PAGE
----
3) Theoretically, most Afghanistinians are not radical extremists. If we do this right, they should feel comfortable that we are not interested in their capturing their land, spilling their blood or destroying their religion. Any middle eastern allies we have in this operation will be instrumental in opening the gates.

That said, if we do the wrong thing, we can expect a mix of what the Russians experienced in Afghanistan (ardent nationalist freedom fighters) and what we experienced in Vietnam (strong and hidden VC opposition/ambushes etc) We can also expect long lines at the extremist enlistment booths.

So, with that said, if they take any miltary action at all, let's hope and pary that they do it the right way...
posted by fooljay at 5:52 PM on September 18, 2001


Wulfgar!: you can't compare the destruction of Iraqi forces in Kuwait to a possible military action in Afghanistan to get Bin Laden.

I'm not. If you reread what I posted, you'll find it is only to illustrate this point: what happened to the Soviets in Afghanistan and America in Vietnam is only nominally applicable in this scenario. And all those who predict Armageddon for the American invasion of Afghanistan are foolishly jumping the intelligence gun. We aren't interested in occupation or land-grabbing. If I interpret American interests correctly, it is to go in, slaughter some select group of assholes, and get the hell out. I'm also saying, that we have (at current point) overwhelming world acquiescence for that very project. If Brits die by landmine, or Germans, or Russians, so any of you think that their resolve will break and they will flee this broken land? Not hardly. Unlike their guerilla war against the Soviets, Afghanistan stands alone. Our armed forces aren't stupid or suicidal, and we've learned from the mistakes of the past. Any who bemoan our terrible losses are just wailing about that of which hasn't happened, and it "could" be just terror fantasy on their part.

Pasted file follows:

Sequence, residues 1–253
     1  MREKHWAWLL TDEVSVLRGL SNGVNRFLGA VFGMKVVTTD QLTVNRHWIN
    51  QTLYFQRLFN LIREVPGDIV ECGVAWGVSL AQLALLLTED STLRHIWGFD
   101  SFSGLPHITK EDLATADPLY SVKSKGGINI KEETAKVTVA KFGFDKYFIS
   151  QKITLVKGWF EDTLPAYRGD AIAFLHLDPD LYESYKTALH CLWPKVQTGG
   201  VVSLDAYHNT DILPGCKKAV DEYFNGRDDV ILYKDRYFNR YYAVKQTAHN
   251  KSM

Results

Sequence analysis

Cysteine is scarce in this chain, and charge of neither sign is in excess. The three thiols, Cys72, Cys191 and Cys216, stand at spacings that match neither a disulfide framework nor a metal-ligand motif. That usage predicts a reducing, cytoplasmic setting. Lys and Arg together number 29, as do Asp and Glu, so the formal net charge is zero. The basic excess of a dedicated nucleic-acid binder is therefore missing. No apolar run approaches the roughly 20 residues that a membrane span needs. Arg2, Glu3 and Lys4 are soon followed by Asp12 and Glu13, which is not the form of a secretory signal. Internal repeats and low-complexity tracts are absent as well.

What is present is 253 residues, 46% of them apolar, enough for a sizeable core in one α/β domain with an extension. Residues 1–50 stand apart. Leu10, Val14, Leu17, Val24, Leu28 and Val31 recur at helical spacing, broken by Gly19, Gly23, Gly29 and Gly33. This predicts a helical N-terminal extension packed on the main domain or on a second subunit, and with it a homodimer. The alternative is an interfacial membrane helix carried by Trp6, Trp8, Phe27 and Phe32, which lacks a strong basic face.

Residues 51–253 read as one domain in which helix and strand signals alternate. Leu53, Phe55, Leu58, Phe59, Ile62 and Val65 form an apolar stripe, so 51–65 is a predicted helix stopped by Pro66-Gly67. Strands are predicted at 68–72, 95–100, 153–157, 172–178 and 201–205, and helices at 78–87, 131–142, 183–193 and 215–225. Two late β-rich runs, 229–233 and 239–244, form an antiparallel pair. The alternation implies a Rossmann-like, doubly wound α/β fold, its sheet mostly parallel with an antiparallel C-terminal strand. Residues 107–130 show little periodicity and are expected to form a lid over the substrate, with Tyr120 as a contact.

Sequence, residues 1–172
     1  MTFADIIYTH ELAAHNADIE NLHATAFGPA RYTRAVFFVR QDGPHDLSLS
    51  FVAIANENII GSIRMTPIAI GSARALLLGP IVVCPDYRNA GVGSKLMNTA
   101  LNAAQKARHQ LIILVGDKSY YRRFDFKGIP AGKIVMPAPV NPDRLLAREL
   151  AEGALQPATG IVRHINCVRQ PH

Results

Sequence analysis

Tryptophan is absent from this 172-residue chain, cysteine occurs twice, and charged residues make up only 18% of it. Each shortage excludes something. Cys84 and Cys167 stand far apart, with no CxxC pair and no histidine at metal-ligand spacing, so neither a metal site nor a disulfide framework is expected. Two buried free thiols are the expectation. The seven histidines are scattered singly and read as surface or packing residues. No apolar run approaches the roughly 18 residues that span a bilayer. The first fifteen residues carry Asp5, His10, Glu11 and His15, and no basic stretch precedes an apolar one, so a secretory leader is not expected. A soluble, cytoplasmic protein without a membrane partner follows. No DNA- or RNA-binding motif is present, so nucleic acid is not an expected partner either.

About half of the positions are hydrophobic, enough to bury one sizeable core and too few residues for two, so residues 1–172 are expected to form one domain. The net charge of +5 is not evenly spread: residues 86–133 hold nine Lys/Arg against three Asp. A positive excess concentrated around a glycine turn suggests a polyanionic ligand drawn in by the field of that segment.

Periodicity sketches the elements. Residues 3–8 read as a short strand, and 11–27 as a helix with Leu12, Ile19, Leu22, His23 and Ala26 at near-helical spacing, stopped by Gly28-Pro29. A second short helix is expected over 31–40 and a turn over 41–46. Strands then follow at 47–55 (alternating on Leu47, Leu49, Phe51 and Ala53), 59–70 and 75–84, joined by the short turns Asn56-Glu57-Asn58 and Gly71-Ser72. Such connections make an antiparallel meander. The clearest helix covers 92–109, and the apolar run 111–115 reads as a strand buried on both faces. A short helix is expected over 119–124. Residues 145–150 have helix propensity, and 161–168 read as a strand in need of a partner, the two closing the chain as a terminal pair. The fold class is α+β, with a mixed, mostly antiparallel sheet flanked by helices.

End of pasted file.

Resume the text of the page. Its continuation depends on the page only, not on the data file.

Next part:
posted by Wulfgar! at 6:29 PM on September 18, 2001